Dracula Has Risen From The Grave (1968 UK)

dracula-has-risen-from-the-grave-01The musical theme startled me on a first watch. James Bernard never wrote a better score than this one – it’s so threatening as well as thrilling. The psychedelic opening titles are also mesmerizing. In so many ways it is the quintessential Hammer horror film. It has all of the elements which have made me a fan of the Studio. The fairy-tale Central European setting, the Gothic Castle Dracula with the quaint little village huddling under its menacing presence.

The performances are several notches above the Hammer average. The young leads acquit themselves admirably. Paul (Barry Andrews) is much more animated than is usual for the *romantic hero* of British Gothic movies and Veronica Carlson (as Maria) is far from being merely the feeble screaming heroine. While Christopher Lee has few lines as Dracula, he doesn’t need many words to dominate every scene he graces with his commanding presence.

Throw in Rupert Davies reprising his pompous, but kindly and avuncular priest and you have a very superior cast indeed. Even Davies’ screen wife, played by Marion Mathie, is very realistic in her role. This is another above average entry into this series. It has everything you expect from a Hammer production: lavishness, fantastic set pieces, costumes, atmosphere, etc. One odd twist in the story is the assistance Dracula receives from a faithless priest, Ewan Hooper, who is so willing to help that he even carries the vampire’s coffin for him.

Dracula Has Risen from the Grave Davies HooperI also thought there were some pretty audacious things in this movie as well. Our hero, Paul (Barry Andrews) is an atheist, and dates the Monsignor’s niece. Considering how religion is such a touchy subject, I thought it was not only bold, but very interesting as well. When Paul confesses his atheism to the Monsignor, the older man’s reaction is dynamic. This scene is the most powerful in the film. Unlike Dracula: Prince of Darkness (1965) Christopher Lee speaks, and looks much more comfortable. He is very menacing and often chilling as well. His glaring red eyes are put to great use. He is not unwilling in raising his hand to a barmaid either.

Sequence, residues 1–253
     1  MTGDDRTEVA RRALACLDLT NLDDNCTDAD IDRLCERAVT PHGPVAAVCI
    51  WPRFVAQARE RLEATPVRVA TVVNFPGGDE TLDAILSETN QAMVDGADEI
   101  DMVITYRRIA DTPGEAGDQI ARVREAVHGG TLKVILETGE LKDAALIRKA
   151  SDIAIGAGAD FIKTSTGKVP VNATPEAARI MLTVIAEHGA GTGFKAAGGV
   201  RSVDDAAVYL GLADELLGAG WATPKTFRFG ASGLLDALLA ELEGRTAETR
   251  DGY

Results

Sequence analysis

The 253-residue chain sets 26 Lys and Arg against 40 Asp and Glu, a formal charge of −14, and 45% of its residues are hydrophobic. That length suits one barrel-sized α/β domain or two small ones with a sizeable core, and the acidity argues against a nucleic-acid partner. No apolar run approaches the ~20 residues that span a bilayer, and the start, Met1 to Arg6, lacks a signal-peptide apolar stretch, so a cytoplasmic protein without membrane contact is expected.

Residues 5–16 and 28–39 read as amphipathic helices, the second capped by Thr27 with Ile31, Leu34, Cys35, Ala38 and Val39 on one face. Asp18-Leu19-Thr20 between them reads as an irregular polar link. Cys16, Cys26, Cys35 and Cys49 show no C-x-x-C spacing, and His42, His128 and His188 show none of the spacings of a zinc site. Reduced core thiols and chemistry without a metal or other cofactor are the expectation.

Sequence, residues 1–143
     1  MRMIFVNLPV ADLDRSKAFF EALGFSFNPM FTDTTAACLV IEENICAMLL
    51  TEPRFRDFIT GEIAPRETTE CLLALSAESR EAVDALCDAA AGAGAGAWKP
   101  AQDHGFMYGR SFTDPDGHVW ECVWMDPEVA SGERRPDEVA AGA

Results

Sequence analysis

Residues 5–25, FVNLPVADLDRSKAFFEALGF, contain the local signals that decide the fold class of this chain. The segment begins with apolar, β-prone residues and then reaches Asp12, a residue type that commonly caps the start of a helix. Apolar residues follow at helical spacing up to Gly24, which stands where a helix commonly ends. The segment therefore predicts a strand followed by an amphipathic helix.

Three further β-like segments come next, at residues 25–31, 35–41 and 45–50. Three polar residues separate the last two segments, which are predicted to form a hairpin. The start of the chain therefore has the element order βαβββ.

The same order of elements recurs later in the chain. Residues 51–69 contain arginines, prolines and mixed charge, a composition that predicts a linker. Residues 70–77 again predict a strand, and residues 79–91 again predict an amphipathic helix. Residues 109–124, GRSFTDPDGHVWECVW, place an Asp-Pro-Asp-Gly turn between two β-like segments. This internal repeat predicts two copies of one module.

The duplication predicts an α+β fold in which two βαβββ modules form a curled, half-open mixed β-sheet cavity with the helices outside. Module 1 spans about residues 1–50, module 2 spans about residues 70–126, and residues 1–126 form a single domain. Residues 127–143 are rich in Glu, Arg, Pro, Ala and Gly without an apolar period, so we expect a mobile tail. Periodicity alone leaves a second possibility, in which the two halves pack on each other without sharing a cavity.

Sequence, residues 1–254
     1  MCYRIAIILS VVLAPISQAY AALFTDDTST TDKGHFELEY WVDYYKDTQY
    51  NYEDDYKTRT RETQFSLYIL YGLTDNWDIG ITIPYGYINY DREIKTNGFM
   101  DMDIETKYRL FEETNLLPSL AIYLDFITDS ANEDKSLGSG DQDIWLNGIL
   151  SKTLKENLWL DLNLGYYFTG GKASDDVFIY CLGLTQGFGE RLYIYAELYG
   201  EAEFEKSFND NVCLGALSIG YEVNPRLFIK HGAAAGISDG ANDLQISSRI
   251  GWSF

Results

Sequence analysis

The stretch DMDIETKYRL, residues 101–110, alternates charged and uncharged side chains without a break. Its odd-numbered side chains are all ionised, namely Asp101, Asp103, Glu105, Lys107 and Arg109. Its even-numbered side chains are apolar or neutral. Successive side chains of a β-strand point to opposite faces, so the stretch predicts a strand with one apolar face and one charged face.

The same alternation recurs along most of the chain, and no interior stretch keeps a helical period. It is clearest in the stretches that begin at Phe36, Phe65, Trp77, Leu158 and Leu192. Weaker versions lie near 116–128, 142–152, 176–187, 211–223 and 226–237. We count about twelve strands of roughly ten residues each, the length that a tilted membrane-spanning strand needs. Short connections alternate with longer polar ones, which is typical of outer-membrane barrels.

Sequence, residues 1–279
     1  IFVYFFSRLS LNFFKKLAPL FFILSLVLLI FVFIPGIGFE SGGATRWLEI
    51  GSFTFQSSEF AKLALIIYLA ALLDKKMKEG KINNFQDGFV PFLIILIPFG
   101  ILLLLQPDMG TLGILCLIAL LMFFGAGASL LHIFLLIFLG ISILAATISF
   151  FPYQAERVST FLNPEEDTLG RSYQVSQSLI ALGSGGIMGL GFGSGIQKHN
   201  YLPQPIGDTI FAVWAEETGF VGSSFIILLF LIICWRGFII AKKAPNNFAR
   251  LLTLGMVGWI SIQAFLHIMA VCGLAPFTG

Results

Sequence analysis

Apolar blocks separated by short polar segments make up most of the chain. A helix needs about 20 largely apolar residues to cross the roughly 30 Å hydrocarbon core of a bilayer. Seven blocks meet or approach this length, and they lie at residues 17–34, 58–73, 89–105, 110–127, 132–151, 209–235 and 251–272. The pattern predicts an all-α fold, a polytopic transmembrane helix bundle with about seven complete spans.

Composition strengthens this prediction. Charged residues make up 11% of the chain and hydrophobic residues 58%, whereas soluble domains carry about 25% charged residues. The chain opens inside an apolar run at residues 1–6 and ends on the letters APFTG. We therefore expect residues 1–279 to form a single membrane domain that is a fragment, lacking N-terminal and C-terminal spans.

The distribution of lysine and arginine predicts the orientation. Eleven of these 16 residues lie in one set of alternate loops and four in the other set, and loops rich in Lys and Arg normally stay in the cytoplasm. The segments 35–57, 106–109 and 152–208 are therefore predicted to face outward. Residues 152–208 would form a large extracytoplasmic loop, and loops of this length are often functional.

Another unusual highlight of the film are the multiple scenes that take place on the labyrinthian rooftops of the Victorian village. I can’t help but wonder how they accomplished this. Were they really filming on the rooftops of a village or is it an illusion accomplished through matte paintings or other effects? I’m sure it’s the latter; regardless, its excellent film work and a unique feature of this production. The set design and especially the lighting had some nice touches. In some scenes, for example in the cellar of the village bar, the green and red light that dances around the characters just oozes decadent wickedness. Director Freddie Francis has created a visually surreal flick that is mystical and comical at the same time.

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Comments

  1. This sounds like an excellent Hammer Dracula film I need to revisit! Fantastic review. πŸ˜€

    Liked by 1 person

  2. Thanks! If you haven’t seen it yet…make sure you do. πŸ™‚

    Like

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